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Introducing Mt Shasta

‘When I first caught sight of it I was 50 miles away and afoot, alone and weary. Yet all my blood turned to wine, and I have not been weary since, ’ wrote naturalist John Muir in 1874. Mt Shasta’s beauty is intoxicating; and the closer you get to her the headier you begin to feel.

When the European fur trappers arrived in the area in the 1820s they encountered several Native American tribes, including the Shasta, Karuk, Klamath, Modoc, Wintu and Pit River. By 1851 hordes of Gold Rush miners had arrived, completely disrupting the tribes’ traditional life. Later the newly completed railroad began to swiftly import workers and export timber for the booming lumber industry. And since Mt Shasta City (called Sison at the time) was the only non-dry town around, it became the bawdy, good-time hangout for lumberjacks.

The lumberjacks have now been replaced by New Agers. Today Mt Shasta is a mecca for mystics; seekers are attracted to the peak’s reported cosmic properties. In 1987 about 5000 believers from around the world convened here for the Harmonic Convergence, a communal meditation for peace. Reverence for the mountain is nothing new; for centuries Native Americans have honored the mountain as sacred, considering it to be no less than the Great Spirit’s wigwam.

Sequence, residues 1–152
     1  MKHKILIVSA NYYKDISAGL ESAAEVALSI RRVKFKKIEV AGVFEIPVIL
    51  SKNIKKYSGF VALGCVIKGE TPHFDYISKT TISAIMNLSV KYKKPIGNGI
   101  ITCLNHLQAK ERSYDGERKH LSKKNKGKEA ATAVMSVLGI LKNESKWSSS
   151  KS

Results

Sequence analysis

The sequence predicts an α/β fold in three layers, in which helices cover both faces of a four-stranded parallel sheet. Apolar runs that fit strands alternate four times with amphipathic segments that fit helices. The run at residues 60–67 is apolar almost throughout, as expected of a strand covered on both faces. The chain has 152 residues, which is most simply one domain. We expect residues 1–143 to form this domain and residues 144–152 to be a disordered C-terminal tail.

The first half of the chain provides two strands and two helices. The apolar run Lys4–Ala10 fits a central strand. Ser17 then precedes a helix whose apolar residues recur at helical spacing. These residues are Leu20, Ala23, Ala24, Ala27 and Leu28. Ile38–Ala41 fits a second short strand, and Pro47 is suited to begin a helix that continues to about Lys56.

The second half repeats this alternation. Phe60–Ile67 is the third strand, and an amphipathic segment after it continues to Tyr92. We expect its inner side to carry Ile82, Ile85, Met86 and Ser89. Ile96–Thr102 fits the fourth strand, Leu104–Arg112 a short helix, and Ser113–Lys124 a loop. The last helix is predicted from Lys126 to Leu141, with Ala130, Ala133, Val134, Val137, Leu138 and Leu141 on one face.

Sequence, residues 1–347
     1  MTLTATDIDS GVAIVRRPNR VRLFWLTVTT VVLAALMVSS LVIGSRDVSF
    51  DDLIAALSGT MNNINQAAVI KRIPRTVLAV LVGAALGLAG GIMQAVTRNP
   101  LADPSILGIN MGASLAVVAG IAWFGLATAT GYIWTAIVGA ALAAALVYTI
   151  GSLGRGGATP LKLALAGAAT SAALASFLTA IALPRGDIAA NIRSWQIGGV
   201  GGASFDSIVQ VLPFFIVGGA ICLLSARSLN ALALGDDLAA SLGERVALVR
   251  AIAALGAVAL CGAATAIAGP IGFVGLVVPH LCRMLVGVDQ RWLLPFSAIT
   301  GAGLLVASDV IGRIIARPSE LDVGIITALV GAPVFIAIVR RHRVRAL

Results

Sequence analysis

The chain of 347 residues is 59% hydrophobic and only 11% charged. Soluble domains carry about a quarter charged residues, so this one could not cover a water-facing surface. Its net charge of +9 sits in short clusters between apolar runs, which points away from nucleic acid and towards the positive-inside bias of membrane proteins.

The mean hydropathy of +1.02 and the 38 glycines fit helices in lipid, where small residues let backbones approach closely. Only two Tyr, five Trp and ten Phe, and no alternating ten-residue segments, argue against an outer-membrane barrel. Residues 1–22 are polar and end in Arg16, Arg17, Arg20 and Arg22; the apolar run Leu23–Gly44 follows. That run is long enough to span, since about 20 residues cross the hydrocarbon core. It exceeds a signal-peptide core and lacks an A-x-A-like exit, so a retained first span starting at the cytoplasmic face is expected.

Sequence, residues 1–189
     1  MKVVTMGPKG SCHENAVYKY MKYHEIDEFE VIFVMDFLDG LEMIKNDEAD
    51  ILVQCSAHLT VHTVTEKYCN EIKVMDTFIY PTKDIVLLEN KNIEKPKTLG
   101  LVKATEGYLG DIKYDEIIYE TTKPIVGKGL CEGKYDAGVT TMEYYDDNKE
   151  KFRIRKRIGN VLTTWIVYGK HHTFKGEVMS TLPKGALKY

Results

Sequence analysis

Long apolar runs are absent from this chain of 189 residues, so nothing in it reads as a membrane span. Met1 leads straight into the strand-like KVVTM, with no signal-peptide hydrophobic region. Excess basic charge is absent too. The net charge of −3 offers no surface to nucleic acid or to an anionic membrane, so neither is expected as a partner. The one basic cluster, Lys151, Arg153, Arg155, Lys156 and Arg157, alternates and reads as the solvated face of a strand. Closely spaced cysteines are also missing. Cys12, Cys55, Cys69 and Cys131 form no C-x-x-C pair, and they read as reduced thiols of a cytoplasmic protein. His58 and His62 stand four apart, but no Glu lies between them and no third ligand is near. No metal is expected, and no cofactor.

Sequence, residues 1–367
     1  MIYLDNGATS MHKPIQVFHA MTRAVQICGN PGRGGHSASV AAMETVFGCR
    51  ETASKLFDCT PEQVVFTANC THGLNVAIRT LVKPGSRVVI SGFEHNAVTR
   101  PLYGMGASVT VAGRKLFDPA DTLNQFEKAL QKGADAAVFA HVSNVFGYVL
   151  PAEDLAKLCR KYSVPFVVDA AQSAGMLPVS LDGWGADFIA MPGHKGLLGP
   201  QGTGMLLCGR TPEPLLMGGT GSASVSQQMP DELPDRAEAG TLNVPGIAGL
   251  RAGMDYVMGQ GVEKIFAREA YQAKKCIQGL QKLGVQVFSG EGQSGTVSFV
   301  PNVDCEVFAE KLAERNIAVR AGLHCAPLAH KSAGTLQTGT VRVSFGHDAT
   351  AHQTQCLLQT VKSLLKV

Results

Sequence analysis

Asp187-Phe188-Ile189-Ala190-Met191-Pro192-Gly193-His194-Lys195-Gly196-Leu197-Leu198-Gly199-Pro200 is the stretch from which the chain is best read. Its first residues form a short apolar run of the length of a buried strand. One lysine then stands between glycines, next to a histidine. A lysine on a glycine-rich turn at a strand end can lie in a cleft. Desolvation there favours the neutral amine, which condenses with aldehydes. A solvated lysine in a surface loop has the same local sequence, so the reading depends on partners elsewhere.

With its abundant appeal, Mt Shasta City makes the perfect base for exploring the area’s natural wonders. Outdoor recreational possibilities include camping, hiking, river rafting, skiing, mountain biking and boating. Peak tourist season is from Memorial Day through Labor Day and also weekends during ski season (late November to mid-April).